It is clear why Paul Smith's business has grown from a tiny space at the back of a shop in Nottingham 25 years ago to a company now worth pounds 85m with shops and outlets world-wide.
He gives men what they want. The terry-towelling suits in his collection for spring/summer 1996 might have limited appeal, but the flat-fronted trousers, the flower-print shirts and the easy summer knitwear will be just the thing for men who are after intelligent, quality clothes to wear for work, holiday or simply lounging around.
Last week, a painting by the conceptual artist Yves Klein featuring the artist's famous shade of blue - La Grande Bataille - sold for pounds 947,500 at Christie's. Klein called the peculiarly vibrant colour that he was obsessed with International Klein Blue. For a fraction of that amount, it would be possible to invest in a Paul Smith suit, shirt, socks and cufflinks all dyed an equally striking shade of International Smith Blue.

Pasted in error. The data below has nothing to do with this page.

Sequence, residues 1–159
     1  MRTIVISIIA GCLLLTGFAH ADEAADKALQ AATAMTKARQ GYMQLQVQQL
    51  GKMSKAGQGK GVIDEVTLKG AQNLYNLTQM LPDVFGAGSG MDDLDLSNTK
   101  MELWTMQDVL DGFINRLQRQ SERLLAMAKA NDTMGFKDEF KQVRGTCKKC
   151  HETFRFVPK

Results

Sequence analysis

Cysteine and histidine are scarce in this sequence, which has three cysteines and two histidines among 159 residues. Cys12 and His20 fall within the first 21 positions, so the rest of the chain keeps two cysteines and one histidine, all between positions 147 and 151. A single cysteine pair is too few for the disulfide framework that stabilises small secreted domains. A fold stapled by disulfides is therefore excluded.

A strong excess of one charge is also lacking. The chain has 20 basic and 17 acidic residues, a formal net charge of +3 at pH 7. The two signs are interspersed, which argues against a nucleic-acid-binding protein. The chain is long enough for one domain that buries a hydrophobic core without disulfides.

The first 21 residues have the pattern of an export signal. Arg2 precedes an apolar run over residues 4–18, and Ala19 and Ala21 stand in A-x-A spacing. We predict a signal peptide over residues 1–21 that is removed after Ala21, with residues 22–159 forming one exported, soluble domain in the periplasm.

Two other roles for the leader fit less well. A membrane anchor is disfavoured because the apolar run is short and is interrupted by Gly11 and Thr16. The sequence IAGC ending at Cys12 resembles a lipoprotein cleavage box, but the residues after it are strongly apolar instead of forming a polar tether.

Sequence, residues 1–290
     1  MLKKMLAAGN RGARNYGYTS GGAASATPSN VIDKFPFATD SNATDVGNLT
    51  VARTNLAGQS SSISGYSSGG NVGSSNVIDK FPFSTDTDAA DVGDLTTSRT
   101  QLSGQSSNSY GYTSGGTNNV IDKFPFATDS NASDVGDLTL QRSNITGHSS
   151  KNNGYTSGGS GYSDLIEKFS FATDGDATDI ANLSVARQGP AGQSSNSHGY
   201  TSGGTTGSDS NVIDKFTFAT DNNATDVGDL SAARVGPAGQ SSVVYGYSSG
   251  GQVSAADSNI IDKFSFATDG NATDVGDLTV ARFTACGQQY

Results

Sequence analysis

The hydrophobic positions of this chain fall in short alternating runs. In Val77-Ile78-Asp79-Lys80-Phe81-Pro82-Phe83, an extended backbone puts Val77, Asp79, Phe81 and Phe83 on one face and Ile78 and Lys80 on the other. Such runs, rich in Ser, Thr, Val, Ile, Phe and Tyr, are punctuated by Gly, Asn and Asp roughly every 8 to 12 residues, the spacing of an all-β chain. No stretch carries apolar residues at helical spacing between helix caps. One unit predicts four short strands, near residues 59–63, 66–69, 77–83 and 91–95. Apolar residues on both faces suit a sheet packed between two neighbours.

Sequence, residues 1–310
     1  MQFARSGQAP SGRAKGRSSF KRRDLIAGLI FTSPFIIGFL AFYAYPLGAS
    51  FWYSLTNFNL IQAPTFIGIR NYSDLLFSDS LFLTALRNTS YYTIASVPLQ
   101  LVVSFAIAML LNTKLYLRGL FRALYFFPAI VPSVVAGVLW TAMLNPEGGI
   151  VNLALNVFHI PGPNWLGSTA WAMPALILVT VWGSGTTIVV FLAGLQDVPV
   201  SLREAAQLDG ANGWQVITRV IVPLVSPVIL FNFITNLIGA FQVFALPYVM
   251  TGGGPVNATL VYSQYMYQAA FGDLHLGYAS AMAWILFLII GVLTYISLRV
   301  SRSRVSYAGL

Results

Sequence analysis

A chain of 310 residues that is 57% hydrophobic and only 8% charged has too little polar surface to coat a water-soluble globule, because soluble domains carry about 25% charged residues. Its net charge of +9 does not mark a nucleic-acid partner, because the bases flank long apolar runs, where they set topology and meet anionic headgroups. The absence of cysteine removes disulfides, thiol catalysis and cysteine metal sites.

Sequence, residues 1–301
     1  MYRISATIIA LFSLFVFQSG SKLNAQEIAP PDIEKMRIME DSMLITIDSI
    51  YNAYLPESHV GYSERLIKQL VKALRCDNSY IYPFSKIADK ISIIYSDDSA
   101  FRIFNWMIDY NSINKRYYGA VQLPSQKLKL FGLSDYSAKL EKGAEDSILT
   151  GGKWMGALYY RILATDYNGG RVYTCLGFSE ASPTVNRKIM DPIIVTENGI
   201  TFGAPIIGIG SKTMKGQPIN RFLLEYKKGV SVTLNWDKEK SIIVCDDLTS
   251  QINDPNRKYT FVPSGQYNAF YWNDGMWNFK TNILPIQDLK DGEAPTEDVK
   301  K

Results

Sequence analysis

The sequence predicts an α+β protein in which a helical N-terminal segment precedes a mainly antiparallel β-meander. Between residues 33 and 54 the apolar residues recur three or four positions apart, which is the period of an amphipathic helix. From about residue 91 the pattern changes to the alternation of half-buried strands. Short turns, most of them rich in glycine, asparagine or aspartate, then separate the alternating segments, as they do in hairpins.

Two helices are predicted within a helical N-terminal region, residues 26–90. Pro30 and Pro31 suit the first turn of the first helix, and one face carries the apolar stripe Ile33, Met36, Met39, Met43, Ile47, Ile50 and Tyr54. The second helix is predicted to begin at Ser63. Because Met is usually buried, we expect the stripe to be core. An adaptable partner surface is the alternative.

Also making a strong statement was a whole range of safari jackets and suits, a look that has already been adopted by aficionados of the easy- listening "lounge" club scene in London. The multi-pocketed jackets might make the wearer look stiff and wooden, but the lighter, softer shirt versions will no doubt be a hit with Paul Smith fans next summer.
While Paul Smith made do with conventional models, Comme des Garcons, who showed on Tuesday night, continued the trend of using men of any profession other than model to wear the clothes on the runway. The McGann brothers, Stephen Callow and the British tailors Mark Powell and Timothy Everest were among the familiar faces showing off the traditional tailored suits decorated with high-visibility fluorescent vinyl strips. The north London tailor Charlie Allen modelled two, along with his four brothers and their pensioner father. The theme of the show was "disconnected gentlemen".